A NEW LEARNING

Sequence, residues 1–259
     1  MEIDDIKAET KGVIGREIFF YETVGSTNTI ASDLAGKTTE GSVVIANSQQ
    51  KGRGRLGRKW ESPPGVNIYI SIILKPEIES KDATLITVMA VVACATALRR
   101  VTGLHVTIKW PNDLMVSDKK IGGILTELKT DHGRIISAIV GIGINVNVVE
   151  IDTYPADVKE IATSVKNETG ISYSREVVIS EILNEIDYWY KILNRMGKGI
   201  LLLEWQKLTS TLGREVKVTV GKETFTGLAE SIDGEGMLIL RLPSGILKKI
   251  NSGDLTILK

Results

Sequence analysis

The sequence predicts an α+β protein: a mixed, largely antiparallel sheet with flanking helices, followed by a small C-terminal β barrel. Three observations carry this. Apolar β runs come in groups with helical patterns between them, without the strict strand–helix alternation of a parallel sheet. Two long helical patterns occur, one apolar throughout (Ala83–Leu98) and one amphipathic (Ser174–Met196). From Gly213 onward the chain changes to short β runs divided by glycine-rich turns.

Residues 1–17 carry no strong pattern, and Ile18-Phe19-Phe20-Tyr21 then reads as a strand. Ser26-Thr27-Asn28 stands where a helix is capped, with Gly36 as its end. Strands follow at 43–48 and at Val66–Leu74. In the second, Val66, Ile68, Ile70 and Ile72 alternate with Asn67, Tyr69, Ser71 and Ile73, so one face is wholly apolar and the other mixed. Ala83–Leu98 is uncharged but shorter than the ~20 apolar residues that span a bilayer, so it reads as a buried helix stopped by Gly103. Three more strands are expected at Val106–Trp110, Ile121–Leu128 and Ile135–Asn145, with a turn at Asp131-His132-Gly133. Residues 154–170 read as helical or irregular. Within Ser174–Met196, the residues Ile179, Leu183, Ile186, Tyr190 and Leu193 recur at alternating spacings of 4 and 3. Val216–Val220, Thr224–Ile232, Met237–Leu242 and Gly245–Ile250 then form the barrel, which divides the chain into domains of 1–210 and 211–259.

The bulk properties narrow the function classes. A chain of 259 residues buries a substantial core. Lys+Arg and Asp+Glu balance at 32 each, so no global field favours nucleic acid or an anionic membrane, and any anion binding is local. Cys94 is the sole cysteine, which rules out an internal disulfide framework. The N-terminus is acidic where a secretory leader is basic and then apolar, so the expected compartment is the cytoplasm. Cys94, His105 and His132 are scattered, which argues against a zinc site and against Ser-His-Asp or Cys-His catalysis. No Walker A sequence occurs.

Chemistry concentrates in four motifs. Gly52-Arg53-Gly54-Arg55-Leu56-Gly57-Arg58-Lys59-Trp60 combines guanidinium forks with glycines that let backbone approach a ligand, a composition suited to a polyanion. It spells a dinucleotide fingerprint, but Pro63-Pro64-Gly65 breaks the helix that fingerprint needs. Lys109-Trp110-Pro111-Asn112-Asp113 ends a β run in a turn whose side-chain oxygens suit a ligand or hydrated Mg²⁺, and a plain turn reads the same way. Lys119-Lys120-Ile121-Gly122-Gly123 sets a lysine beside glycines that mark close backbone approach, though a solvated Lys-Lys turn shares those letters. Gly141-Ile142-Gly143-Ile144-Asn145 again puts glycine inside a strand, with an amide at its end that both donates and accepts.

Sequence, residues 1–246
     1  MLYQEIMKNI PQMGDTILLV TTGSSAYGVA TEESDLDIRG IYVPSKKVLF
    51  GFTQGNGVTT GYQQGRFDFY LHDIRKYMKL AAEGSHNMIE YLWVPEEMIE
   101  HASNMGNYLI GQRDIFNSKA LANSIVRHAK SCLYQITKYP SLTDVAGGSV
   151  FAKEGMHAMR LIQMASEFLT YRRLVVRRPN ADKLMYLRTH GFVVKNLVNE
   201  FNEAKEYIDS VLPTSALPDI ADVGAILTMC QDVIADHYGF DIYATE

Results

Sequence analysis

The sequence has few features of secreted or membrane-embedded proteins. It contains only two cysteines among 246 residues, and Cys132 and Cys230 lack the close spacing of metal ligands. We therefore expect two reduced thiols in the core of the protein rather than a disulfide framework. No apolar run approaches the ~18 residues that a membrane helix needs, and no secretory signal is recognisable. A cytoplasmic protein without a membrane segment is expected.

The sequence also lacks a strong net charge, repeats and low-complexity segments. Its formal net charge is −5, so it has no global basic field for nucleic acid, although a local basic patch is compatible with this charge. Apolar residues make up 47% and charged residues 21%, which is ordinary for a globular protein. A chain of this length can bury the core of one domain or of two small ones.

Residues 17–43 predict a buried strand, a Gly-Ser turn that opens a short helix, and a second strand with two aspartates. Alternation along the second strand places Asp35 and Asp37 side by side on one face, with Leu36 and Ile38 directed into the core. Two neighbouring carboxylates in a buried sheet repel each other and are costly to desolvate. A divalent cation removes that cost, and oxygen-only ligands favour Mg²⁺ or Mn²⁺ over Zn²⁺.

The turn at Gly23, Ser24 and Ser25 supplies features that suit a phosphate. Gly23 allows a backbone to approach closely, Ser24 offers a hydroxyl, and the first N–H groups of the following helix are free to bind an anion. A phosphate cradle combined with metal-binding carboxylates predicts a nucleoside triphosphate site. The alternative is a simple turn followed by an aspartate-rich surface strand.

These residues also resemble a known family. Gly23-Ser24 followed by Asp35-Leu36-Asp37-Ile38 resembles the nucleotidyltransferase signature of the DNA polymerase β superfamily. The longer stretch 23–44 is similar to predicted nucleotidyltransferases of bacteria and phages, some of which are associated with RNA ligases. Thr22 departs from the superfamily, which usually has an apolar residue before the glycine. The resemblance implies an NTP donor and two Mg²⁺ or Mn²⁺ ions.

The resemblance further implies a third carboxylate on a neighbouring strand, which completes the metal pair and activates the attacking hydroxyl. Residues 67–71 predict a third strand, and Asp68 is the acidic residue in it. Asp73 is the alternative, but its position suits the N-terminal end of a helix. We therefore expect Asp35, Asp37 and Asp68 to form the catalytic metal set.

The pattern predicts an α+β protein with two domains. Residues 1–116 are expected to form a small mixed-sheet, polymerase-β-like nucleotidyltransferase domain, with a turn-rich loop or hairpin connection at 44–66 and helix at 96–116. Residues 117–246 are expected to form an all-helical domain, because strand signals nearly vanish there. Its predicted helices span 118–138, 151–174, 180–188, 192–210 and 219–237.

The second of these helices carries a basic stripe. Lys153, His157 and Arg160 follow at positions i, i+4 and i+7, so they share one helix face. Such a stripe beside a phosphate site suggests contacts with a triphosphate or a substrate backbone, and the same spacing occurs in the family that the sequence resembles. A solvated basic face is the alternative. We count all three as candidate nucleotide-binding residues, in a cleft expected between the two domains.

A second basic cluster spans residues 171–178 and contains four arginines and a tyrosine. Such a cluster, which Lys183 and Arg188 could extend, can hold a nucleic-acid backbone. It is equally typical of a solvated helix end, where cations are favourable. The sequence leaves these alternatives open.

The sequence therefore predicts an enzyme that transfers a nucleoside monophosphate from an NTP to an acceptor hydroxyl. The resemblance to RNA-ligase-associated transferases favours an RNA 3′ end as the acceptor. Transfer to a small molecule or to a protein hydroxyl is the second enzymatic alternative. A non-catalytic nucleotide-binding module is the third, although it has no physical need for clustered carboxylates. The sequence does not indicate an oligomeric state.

Of the making of books there should be an end. For pastors of my generation the gathering of books was critical to the craft of sermon preparation and training others. I spent a lifetime assembling my library and I had the good fortune to pastor churches that provided a substantial book allowance. Eighteen years ago we made the big move from Toronto to Cloverdale, British Columbia. The moving company that transported our possessions under-guestimated the weight of my books and failed to charge me enough. Seven years ago my professional next move meant I no longer enjoyed the luxury of a church office with bookshelves sufficient to house my library. The books couldn't fit in our home. Many books remained in boxes in our garage for the six years I have served in an executive position for our denomination. This past August at the completion of my term and as I moved into retirement, I brought several hundred Bible commentaries to my home den/studio and also began to address what I could do with the remaining hundreds of books in the garage. The Salvation Army and other stores took some. Used bookstores don't have shelf space. Libraries don't want my books. My own children are not interested beyond the few volumes I have already forced upon them. I began to make contact with several younger pastors with a view to assisting them to build their own libraries. There was some interest but I found that young pastors have CD libraries of resource material. I have Stanley's 1860 published chronicle of his location of David Livingston in Africa, but that book and the rest of my space hungry collection is not attactive to people any longer. One of my personal retirement realities is that I cannot keep my entire library and it is of little value to others.